Egypt recorded a 24 percent increase in tourism revenue in the first quarter of 2010 as the industry recovered from last year’s global financial crisis, the tourism minister said.
Revenue increased to $2.7 billion for the three months through March, Zoheir Garranah said in a telephone interview today from the city of Luxor in southern Egypt. Tourist arrivals advanced 29 percent to 3.46 million visitors, he said.
“We have completely rebounded,” Garranah said. “But still I believe this country deserves more.”
The Egyptian economy depends on tourism, foreign direct investment and the Suez Canal for foreign currency. Tourism, which accounts for more than 12 percent of jobs, generated $10.76 billion in 2009, according to the ministry.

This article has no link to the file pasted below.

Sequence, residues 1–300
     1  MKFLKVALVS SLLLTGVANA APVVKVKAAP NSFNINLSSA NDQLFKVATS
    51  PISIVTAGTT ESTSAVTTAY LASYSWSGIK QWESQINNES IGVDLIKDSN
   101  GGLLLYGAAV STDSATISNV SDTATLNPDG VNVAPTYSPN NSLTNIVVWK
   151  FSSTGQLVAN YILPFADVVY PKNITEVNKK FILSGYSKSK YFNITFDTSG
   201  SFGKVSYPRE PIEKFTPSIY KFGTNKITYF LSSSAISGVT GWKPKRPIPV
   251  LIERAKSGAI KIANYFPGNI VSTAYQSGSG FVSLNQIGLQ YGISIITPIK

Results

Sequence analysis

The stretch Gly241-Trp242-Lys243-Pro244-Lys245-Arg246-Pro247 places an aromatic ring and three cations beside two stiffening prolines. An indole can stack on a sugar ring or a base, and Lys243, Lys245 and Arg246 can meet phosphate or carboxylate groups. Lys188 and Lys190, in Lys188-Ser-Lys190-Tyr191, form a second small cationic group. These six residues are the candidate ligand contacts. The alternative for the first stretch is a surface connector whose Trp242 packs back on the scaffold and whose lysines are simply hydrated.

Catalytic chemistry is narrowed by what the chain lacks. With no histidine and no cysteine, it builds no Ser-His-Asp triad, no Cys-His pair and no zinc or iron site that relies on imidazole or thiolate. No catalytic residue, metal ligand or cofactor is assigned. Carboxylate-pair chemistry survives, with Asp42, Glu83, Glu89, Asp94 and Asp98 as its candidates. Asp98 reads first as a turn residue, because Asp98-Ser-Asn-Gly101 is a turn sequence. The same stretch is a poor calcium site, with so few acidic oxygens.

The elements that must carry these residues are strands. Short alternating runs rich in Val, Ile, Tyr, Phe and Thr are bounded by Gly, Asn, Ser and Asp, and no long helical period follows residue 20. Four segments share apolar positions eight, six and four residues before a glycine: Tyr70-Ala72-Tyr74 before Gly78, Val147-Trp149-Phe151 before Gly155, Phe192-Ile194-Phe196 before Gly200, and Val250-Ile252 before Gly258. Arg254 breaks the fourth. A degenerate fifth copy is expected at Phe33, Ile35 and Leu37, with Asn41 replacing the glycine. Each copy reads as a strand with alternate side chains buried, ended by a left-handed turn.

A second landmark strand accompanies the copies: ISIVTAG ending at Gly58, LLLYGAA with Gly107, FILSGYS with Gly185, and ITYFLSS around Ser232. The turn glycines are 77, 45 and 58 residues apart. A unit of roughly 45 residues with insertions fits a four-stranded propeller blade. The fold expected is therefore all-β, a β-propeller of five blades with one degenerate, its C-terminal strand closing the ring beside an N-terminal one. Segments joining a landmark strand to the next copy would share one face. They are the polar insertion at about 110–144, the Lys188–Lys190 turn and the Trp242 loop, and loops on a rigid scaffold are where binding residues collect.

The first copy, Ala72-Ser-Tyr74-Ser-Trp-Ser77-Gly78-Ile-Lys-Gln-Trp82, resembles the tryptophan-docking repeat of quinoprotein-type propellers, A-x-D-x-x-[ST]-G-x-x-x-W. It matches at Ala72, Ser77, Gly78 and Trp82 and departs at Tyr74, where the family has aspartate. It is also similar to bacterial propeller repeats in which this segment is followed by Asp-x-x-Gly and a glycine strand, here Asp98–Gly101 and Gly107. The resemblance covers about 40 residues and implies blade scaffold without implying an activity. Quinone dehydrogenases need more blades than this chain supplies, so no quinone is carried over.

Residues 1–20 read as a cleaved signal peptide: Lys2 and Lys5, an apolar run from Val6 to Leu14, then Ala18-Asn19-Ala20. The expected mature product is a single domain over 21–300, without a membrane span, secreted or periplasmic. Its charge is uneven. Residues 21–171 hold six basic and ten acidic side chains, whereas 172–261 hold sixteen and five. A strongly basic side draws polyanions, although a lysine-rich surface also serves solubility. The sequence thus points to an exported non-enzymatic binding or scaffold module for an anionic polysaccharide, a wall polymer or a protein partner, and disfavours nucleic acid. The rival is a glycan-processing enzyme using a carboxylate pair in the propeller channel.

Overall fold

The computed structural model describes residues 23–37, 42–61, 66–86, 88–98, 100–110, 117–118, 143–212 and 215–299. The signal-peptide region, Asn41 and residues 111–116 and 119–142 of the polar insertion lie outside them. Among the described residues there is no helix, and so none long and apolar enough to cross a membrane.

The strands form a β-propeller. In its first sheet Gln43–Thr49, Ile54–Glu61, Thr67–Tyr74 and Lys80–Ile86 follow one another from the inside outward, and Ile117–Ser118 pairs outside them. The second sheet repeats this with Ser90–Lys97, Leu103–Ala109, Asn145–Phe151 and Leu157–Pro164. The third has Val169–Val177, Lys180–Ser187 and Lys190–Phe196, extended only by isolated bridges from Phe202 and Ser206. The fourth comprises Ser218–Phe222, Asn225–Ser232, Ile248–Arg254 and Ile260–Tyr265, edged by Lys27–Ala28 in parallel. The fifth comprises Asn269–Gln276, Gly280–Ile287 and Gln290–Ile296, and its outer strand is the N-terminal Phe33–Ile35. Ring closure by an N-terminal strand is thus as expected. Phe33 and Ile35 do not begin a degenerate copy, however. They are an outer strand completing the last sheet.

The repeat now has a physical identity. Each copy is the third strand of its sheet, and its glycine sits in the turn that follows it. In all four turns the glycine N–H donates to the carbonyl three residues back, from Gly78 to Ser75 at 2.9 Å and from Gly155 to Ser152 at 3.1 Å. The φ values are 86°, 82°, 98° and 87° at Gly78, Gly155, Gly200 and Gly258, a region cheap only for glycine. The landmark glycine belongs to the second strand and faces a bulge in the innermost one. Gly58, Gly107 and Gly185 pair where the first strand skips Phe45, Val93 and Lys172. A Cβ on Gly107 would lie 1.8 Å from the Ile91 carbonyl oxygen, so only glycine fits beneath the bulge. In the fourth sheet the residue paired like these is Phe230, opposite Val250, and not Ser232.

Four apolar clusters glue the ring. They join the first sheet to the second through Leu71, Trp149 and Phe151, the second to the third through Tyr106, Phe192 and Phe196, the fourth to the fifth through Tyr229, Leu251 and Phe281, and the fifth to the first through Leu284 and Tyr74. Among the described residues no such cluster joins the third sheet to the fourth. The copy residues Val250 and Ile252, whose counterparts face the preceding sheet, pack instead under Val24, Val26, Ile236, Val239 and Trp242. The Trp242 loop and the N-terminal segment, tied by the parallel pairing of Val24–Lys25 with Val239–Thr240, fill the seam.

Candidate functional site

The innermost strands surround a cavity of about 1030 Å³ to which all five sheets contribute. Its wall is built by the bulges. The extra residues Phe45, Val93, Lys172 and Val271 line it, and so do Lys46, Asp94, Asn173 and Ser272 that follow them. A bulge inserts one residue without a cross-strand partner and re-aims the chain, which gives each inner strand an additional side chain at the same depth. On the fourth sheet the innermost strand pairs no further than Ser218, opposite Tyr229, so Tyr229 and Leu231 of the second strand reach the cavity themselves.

The economy of Egypt, home to the Pyramids of Giza, grew 4.7 percent in the fiscal year through June, beating the forecast of the International Monetary Fund. The government expects the economy to grow more than 5 percent this fiscal year.
Besides its historical attractions, Egypt also draws tourists seeking sun, sand and diving along its Red Sea coast and in the Sinai Peninsula. Russia maintained its position as the main source of tourists to the Arab country, with arrivals from the country growing 93.5 percent in the first quarter and revenue increasing 80 percent over the same period in 2009, the minister said.
Beltone Financial had expected tourism revenue in the first three months to be $2.8 billion, Reham El-Desoki, senior economist at the Cairo-based investment bank, said by e-mail. EFG-Hermes Holding SAE, the biggest publicly traded Arab investment bank, had expected receipts to reach $2.5 billion, economist Mohamed Abu Basha said.
Talaat Moustafa Group Holding, which owns four hotels operated by Four Seasons Hotels Inc., rose 0.5 percent to 8.41 Egyptian pounds at 13:27 p.m. today in Cairo, outperforming the benchmark EGX30 index, which advanced 0.1 percent.